Over the course of my career, I’ve had the opportunity to work with dozens and dozens of startups. I love working with entrepreneurs. Well, in reality I have a love/hate relationship with them.

I love being surrounded by their optimism, confidence, and conviction. I love their creativity and resourcefulness. They’re just a very inspiring type of individual to be around.

At the same time, entrepreneurs have some interesting “quirks”. A healthy ego must complement their confidence. Their incessant drive means they want to run before they can or should walk. And, unfortunately, many of them don’t know much about marketing.

Some think they do, but most really don’t. Just to be sure nobody takes offense here, I’m actually glad when you don’t! It means there is ample opportunity for me to add value to your organization. And I really, really, (REALLY!), love helping entrepreneurs achieve their goals.

Some of the most important relationships an entrepreneur develops are with their mentors. This post is really meant for people who are coaching, guiding, and advising startup founders.

Based on my work over the last five years, the best piece of advice that a mentor can give an entrepreneur to set them up for success – for marketing specifically and just in general – is to tell them they need a business plan and two lead generation models.


Regardless of stage, every company should have a written business plan. It doesn’t need to be complicated. It just has to be written.

Start with purpose, vision, and mission. The document should cover what the company will do, how it will do it, who the customers are, what customers are currently doing to satisfy this need (i.e. competition), the risks the business will face, and financial models looking at a minimum of three years.

If you are working with a company that doesn’t have this, encourage them to take a week off and put something together.

If you’re working with an entrepreneur who is truly passionate about their business, they will probably hate the idea of hitting the pause button to write down what’s already in their head. But, they probably have unanswered questions. They may be using assumptions that need challenging – or at least acknowledgement.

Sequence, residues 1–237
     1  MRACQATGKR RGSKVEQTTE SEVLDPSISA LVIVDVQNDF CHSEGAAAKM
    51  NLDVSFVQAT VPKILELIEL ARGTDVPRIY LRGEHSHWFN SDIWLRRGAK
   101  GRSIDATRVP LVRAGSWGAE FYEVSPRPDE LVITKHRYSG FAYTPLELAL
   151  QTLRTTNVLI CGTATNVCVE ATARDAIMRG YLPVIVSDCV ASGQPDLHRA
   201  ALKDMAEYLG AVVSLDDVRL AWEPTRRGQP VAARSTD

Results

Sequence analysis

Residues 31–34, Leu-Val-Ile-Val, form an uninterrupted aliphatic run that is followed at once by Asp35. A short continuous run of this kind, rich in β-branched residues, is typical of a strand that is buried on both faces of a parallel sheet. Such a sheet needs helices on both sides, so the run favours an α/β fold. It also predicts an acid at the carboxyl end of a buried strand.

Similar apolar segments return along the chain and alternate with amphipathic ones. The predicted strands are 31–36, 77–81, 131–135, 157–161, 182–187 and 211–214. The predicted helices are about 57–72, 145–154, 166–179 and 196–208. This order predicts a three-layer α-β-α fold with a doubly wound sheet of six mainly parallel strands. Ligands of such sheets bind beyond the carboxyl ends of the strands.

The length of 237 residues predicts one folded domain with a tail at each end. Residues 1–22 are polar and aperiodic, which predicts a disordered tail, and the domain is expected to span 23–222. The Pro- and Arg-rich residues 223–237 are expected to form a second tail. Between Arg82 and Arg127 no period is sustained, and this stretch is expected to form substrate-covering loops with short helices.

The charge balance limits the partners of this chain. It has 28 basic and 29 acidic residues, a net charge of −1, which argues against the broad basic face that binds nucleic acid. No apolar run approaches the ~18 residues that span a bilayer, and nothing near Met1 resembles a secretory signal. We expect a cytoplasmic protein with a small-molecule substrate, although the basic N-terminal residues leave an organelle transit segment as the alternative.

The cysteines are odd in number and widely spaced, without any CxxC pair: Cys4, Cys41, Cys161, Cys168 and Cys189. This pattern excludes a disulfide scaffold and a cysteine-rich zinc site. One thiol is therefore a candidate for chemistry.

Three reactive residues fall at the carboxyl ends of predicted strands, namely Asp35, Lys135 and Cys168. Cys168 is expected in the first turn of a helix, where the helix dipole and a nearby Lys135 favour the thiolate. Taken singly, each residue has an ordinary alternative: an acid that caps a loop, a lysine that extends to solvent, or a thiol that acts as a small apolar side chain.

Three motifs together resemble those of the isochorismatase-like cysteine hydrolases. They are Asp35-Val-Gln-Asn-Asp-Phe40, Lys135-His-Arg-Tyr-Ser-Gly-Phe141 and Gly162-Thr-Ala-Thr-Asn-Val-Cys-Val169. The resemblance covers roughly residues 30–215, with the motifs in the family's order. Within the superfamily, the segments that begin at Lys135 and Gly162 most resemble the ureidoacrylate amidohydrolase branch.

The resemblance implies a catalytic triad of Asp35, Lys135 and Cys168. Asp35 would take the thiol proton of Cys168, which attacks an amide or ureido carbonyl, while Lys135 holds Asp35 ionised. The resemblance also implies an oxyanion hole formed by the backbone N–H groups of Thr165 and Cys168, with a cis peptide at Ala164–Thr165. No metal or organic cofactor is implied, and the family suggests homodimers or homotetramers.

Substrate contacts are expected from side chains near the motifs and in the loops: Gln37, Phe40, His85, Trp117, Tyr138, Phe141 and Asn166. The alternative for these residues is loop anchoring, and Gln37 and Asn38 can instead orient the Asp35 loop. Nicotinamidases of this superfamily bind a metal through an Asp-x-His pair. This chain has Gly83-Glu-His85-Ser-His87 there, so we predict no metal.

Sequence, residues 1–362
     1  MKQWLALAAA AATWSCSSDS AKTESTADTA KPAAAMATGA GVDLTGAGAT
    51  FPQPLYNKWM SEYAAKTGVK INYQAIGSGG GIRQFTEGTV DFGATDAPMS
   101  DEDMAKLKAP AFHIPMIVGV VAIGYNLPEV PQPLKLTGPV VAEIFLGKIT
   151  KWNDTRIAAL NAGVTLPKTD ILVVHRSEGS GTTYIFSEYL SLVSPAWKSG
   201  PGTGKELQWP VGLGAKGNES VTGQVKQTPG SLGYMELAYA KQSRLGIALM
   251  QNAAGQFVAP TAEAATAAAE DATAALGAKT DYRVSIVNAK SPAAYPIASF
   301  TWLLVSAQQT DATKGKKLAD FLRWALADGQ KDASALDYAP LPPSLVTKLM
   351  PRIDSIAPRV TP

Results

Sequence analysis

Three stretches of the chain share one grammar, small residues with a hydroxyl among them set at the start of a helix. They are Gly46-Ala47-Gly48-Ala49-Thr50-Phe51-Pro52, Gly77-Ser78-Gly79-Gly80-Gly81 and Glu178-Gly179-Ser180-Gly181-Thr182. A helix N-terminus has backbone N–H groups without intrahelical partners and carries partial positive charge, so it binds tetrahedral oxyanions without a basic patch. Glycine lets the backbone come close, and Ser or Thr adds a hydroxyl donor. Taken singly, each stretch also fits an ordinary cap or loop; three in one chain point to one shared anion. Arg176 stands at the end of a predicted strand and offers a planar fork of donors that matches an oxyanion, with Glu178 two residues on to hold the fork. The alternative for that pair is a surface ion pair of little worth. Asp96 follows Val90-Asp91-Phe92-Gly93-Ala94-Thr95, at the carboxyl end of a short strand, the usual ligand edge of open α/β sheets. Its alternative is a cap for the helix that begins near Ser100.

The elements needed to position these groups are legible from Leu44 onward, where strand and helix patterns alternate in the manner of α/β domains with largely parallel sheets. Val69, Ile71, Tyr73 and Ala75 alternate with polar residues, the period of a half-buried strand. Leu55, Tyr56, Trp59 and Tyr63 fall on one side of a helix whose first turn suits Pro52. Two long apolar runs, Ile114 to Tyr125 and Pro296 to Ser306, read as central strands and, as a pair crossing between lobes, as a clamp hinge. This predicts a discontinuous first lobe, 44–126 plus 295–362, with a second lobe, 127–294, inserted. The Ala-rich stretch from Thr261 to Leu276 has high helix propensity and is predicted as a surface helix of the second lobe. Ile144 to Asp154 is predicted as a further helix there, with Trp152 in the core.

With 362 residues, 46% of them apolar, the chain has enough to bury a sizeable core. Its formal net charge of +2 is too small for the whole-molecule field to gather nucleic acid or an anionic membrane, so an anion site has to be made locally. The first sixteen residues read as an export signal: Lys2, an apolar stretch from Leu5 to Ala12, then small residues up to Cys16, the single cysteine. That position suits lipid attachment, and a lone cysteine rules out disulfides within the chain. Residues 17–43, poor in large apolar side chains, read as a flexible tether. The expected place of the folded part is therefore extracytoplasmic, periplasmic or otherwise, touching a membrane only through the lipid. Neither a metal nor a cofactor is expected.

A few months after they launch their business, things will be happening even faster than they are already. They will be grateful to have a plan they can refer back to – so they know what they’re doing and why.

Here are a few key questions they should be able to answer with a business plan:

  • How much money will I be making in three years?
  • How much do I have to sell to break even?
  • When will I run out of money? (a.k.a. How long can I stay in business?)
  • Do I need to raise money? If so, how will I use that money? How much do I need to raise?


Any half-decent marketing plan needs to be based on an understanding of what the business wants to accomplish. What goals has the entire organization set out to achieve? What performance targets have been promised to investors?

Without this connection, marketing could take the company in a direction it didn’t want to go. It could fail completely. Your founder could have some very uncomfortable conversations about why numbers weren’t hit, simply because people weren’t on the same (written!) page.

Even a relatively simple business plan should allow marketing objectives, strategy, and tactical decisions to be made in context. As the business unfolds, the impact and effectiveness of marketing initiatives in supporting overall business objectives can be evaluated.


After your mentee has a written business plan in place, they need to build two lead generation models: top-down analysis and bottom-up.

While some may advocate for one approach over the other, we recommend that you try both and see if the numbers are different or the same. If they are different, how different? Which one seems more realistic for this particular business? You can learn from and adjust your plans according to the outputs from both models.

This seems to be a frequently missed step, even by companies that have put together a solid business plan. I have worked with companies that skipped this step and ended up with completely unrealistic marketing goals. After going through the model-building exercise together, we ended up revamping major sections of their financial projections.

I once had a client who realized that the client acquisition target they wanted to hit in Month 1 would take 7 years to pay back financially! This was obviously not the right framework for launching a sustainable business. After looking carefully at what their limited resources could be expected to achieve, we put together a much more realistic plan and a long-term, healthy financial model.


The top-down approach starts with revenue goals. Calculate (or estimate) the number of customers that you will need to generate this volume of sales. Then, calculate how much it will cost to acquire that many customers.

For example, if an ecommerce startup that is reaching new potential customers via social needs 100 customers, how many people do they need to at least start filling a shopping cart? How many visitors do they need to come to their website? How many people does that mean they need to be seen by on Facebook? On Instagram? On LinkedIn? How much will that cost them in advertising?

Once you factor in all of the costs, does the company have enough cash flow to pay for everything? Do any of the assumptions in the financial model or in the business plan need to be reconfigured?


Rather than starting with target revenue numbers, the bottoms-up approach starts with a number that the company is comfortable spending on marketing each month.